Just to be clear, "jumping the restart" implies that the second-place car accelerates before the first-place driver decides to put the power down -- which Sadler did not do.
Beating the leader to the line is another matter. Sometimes it's excusable, as when pole-sitter Kasey Kahne "did not go" to start the race, in NASCAR's judgment, and Kyle Busch beat Kahne to the stripe by more than a car-length.
Sometimes it's not excusable, as was the case with Sadler.
There's a reason for the rules that grew out of a move to double-file restarts in 2009. As Pemberton put it, NASCAR wanted to preserve an advantage for the race leader. Hence, the leader has lane choice, the option of when to restart within the zone and the privilege of arriving first at the start/finish line.
According to Pemberton, the rules were designed "to help the driver who had the lead feel like he wasn't losing all of his advantage when a caution comes out."
Fair enough, but are there tweaks that could improve the process? Are there changes NASCAR could make to take some of the judgment out of a judgment call that's almost certain to spark controversy?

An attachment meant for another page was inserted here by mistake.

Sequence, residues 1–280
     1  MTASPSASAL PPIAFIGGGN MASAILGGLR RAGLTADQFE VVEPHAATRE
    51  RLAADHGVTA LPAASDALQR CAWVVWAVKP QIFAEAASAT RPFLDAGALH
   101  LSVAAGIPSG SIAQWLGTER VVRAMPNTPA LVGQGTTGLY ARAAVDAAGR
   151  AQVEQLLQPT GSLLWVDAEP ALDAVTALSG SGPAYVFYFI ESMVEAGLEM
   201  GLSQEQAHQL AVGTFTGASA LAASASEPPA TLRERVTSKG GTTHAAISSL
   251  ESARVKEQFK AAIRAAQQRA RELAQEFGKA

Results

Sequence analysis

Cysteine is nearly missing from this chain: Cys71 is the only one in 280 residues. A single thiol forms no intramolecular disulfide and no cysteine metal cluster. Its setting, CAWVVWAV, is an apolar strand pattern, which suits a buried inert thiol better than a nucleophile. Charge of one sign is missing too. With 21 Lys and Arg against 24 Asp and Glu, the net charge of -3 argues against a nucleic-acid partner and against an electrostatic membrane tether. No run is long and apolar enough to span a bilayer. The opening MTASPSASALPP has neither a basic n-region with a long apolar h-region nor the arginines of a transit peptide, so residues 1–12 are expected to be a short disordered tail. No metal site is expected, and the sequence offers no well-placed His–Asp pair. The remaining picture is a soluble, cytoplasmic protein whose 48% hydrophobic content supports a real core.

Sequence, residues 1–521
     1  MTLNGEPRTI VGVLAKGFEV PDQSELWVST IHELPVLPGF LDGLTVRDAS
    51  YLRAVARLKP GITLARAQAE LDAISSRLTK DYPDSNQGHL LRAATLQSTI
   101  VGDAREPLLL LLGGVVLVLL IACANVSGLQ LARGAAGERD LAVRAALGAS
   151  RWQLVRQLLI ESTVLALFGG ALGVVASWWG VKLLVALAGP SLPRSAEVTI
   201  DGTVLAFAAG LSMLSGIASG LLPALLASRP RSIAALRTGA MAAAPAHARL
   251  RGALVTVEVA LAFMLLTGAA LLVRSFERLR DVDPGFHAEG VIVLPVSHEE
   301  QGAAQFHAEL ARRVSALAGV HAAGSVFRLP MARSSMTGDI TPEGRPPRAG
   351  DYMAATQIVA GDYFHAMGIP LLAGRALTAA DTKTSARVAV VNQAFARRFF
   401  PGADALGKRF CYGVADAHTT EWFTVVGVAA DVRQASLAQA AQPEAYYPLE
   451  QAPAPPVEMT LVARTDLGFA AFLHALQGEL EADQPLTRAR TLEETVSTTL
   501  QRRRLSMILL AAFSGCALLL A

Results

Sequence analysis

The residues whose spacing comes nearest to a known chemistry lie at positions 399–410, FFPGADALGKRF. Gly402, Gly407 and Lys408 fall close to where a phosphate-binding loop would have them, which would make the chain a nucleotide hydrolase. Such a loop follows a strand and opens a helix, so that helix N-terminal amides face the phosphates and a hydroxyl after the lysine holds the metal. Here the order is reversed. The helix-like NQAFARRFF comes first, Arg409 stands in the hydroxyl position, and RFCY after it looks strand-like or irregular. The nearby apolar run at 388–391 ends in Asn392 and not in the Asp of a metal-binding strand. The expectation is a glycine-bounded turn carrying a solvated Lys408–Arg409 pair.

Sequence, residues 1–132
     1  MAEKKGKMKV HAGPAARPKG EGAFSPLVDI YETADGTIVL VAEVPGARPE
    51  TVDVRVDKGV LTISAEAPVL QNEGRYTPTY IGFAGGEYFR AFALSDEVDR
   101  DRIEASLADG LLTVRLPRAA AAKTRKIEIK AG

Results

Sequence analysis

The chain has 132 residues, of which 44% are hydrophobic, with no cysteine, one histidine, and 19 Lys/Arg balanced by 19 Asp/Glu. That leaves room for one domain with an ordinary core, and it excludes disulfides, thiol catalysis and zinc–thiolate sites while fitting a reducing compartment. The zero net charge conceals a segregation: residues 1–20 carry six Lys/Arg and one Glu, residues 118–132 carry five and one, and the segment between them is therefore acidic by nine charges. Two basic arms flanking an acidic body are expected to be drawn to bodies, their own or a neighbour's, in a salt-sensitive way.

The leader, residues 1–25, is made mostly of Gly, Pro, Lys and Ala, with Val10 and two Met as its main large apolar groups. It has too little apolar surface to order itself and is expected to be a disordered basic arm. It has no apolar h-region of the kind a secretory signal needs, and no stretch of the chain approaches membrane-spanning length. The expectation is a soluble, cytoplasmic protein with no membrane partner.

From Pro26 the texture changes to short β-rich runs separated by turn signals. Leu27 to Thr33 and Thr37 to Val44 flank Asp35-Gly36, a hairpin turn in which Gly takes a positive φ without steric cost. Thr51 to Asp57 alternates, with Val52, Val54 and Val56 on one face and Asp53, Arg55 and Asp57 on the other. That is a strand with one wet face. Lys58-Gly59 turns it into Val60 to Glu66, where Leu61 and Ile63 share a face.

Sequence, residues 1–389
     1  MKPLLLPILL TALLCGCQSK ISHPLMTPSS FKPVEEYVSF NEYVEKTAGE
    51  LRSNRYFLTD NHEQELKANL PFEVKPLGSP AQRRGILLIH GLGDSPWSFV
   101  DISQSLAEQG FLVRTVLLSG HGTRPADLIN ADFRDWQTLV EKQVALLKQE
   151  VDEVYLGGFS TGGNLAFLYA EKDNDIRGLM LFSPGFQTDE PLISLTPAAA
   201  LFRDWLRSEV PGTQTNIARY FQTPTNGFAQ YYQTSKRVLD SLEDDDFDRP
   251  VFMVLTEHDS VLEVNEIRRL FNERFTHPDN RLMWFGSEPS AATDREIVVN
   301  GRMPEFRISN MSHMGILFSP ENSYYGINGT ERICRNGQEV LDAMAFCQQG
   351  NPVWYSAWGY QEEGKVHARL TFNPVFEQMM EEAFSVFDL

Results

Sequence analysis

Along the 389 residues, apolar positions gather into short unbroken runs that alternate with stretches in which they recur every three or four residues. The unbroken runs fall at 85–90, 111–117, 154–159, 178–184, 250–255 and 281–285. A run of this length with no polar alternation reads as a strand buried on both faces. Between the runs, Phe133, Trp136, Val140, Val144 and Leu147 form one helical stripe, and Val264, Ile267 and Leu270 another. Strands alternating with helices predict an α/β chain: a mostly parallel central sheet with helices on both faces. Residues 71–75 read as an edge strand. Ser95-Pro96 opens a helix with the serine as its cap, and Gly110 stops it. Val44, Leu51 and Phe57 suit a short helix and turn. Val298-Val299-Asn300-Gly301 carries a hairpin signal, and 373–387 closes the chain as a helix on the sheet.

Here are some options: First, move the restart zone closer to the start/finish line. There's too much that can happen between the last red line and the flag stand, as was the case on Saturday. Drivers must have enough room to go up through the gears before they get to the first corner, but no more than that.
Second, after the leader accelerates to restart the race, let every driver get what he or she can get without changing lanes before the stripe. Lane choice and the right to start the race should be enough of an advantage.
Under that scenario, it doesn't matter if the leader spins tires or gets loose or loses momentum. If the second-place car beats the first-place car to the start/finish line with superior speed or a more accomplished restart, so be it.
That's a better alternative than putting NASCAR officials in the very difficult position of deciding whether the leader's spinning his tires or getting loose was sufficient to justify the second-place car getting to the stripe first -- and by how much.
Now let's look at enforcement. If NASCAR doesn't like the way a restart is developing, a caution flag is always an option. Simply line 'em up again.